This is my first pass at a map exploring the relationships between adjunct instructor pay (taken from the most recent data submitted to the Chronicle of Higher Education’s The Adjunct Project) and state minimum wage data. Click here for a more detailed exploration of my methodology and the limitations of this project.
Here's an excerpt from a map I am making for my brother-in-law that will hopefully be available in print soon.
Over the summer I was trying to write a paper about logistical failure and I found myself wrestling with a pretty bad case of writer's block. At the same time, I was lamenting the fact that I hadn't really drawn or made anything in years. In response to both issues, I decided to spend a little time each morning drawing, just to focus my mind and allow ideas to come to the surface. The end result was a few ink drawings of supply chain failures. These are still works in progress (and the paper is on haitus), but I'm going to post them anyway, as they really helped kickstart my writing this summer, and that makes me happy.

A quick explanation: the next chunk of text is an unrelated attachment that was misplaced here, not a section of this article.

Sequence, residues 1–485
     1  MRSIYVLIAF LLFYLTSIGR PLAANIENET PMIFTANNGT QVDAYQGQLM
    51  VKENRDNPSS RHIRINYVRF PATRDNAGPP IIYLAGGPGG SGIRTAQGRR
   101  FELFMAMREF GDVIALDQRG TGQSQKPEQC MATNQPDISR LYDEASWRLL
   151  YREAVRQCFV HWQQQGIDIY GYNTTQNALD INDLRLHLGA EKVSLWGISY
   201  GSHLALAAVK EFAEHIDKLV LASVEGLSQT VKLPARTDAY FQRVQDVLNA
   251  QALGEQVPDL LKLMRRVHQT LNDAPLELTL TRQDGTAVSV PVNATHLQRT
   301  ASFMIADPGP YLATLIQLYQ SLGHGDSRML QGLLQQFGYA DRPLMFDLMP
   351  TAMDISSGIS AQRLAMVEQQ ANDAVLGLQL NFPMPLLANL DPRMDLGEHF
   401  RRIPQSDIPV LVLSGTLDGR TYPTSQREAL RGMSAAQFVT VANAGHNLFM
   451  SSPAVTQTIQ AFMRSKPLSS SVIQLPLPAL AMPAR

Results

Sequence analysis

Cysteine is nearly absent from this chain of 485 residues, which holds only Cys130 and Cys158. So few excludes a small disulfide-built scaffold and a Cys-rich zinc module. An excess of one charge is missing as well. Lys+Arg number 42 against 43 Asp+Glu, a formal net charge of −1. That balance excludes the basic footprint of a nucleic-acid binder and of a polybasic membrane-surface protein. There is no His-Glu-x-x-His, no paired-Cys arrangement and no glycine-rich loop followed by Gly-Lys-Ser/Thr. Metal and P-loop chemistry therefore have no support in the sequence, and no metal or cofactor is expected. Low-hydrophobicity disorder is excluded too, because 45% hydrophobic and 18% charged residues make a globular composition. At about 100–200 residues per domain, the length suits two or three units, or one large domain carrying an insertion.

I recently took night courses at Pratt in order to (finally) learn to use digital mapping tools. For my Introduction to QGIS course, I began a project that examines the historical afterlives of the HOLC redline maps of the late 1930s. In order to do that project, which would look at the relationship between contemporary policing data and the historic red-lined communities, I needed to map those districts onto a contemporary streetgrid. On the right below is my first attempt at this, next to the original.
I've started to incorporate maps I've made into my classes, and this semester I made a quick map for students to use to exlore the syllabus. The map worked for me, too. As I designed the class I kept returning to the map to make sure that the cities and themes the class focused on were geographically and economically diverse.